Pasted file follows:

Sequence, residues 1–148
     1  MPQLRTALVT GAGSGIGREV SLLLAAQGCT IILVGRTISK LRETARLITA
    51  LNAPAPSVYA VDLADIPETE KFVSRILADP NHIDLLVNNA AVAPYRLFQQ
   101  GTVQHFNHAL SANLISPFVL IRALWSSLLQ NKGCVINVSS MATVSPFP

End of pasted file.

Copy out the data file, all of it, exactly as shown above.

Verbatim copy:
Sequence, residues 1–148
     1  MPQLRTALVT GAGSGIGREV SLLLAAQGCT IILVGRTISK LRETARLITA
    51  LNAPAPSVYA VDLADIPETE KFVSRILADP NHIDLLVNNA AVAPYRLFQQ
   101  GTVQHFNHAL SANLISPFVL IRALWSSLLQ NKGCVINVSS MATVSPFP